By May 1941 Alfred Wells had been in trouble with the law for most of his 31 years. In 1927 he was sentenced to from 18 months to three years in Pittsburgh, PA for robbery, and in September, 1934, he was arrested while robbing a gas station in Fullerton, CA. He served five years of a five to life sentence in San Quentin before he was paroled on November 24, 1939. Over the next couple of years he was busted for vagrancy and various other petty crimes, but nothing big enough to send him back to prison.
Alfred was neither the brightest guy, nor was he the most articulate, so his go-to behaviors for problem solving were threats and violence. He had learned his people skills at home as a kid. His stepfather used to restrain him while his half-brother, Ray, savagely beat him. He was the perfect size for a punching bag (4′ 10 3/8″ according to his prison records), and he was slightly hunchbacked. He was described as having “very dark brown or black hair, a knot on back just above waist, very pronounced hunchback, limps when walks, leans forward and to left when walks, knife wounds left side of abdomen, left hip and back.” With no report of a traumatic injury to his spine, Alfred’s hump may have been the result of congenital kyphosis. If there was any medical help available for the condition at the time neither Alfred nor his family could have afforded it.
Not long after his parole Alfred moved to San Bernardino. Most of his family lived there and no matter what they had done to him at least they were blood. He asked his stepmother, Violet Wells Davis, if his 19 year old half-sister, Violet, could work as his live-in housekeeper. She agreed and when Violet went to live with Alfred nobody thought anything of it. None of the family knew that Alfred had become obsessed with Violet and that he immediately coerced her into a sexual relationship. Alfred threatened to kill family members and/or himself if Violet ever left him. The incestuous relationship was kept a secret for nearly a year before relatives finally became aware of what was happening and, without saying a word to Alfred, spirited away the object of his obsessive lust to her parent’s home in Escondido. When he learned that Violet had disappeared, and nobody would admit to knowing where she had gone, Alfred went berserk.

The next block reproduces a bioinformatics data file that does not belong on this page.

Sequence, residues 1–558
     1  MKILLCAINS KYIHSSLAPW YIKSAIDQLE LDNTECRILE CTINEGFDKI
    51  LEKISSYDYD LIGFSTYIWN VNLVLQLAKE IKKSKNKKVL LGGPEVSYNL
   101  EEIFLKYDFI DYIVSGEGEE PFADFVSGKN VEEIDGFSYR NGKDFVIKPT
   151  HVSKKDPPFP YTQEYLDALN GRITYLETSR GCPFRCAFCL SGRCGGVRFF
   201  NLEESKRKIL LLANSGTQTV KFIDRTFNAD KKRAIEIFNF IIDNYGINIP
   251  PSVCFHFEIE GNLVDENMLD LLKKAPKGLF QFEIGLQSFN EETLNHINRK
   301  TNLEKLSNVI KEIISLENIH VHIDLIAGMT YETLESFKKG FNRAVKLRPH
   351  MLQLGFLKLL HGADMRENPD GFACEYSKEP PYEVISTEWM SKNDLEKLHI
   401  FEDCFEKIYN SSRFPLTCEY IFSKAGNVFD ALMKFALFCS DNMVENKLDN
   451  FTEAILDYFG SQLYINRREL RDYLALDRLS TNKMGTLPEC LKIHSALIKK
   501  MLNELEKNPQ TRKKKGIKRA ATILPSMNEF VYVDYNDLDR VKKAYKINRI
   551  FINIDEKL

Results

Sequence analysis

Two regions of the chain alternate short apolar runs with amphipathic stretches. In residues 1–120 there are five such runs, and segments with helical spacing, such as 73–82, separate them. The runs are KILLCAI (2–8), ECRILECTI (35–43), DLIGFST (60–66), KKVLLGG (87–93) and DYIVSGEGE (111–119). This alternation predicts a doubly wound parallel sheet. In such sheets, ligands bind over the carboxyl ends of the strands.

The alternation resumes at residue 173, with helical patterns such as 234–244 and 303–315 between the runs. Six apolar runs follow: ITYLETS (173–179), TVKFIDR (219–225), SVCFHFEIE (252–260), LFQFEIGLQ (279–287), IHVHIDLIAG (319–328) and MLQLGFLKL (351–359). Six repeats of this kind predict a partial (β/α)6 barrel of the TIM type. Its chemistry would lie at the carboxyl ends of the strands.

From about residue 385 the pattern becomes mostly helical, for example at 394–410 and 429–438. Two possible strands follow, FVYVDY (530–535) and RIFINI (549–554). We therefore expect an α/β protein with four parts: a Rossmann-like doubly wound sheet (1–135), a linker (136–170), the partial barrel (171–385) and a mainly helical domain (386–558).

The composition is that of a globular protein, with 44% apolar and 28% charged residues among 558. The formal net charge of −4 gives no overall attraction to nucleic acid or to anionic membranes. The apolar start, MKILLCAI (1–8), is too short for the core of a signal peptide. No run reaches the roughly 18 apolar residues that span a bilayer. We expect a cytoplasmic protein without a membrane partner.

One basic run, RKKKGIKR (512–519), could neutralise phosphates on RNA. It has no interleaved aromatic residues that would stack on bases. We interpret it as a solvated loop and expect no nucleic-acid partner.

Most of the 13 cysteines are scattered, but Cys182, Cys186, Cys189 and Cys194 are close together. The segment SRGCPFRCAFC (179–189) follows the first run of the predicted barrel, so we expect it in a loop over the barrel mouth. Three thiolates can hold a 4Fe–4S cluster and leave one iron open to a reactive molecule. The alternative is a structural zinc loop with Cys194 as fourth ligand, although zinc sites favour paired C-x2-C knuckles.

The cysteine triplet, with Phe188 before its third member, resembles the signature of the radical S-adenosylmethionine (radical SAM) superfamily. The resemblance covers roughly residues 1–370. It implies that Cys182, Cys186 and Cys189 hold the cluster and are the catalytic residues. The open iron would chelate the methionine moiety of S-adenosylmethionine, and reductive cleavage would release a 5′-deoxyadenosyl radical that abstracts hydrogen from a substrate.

On May 7, 1941Jean Wells, Ray’s wife, their 13 month old daughter, Hester Violet, and a house guest, 17 year old Rose Destree, drove Alfred out to the Devore brush lands, ostensibly for a job at a chicken ranch. When they arrived at a secluded spot Alfred forced the two women from the car and then confronted them with a gun. He demanded to know the whereabouts of Violet, but neither woman would talk. Alfred then demanded that Jean write a note to Ray–it read: “Honey, Al is holding Rosie and the baby and me. He wants Violet returned to him. I think it is better that you do what he says and go with him, and then you can come to us.” Jean must have sensed she had little time left so she added a postscript: “Don’t forget our slogan, Dear–I love you always.”Alfred pocketed the note and held the baby in the crook of his left arm. Then he jammed his .32 caliber revolver against Jean’s chest and pulled the trigger. She died where she fell. He turned the weapon on Rose and fired. She collapsed on the hard, sandy ground, just as Jean had done. Altogether Alfred fired four shots, two into each of his victims. He placed Hester on Jean’s chest. Even if she lived through the night, Hester faced a horrible death the next day–the temperatures were expected to reach triple digits.
Satisfied with his handiwork Alfred turned away from his victims, got into the car, and drove away. He was determined to locate Violet.
NEXT TIME: Alfred’s search for Violet, and his deadly rampage, continues.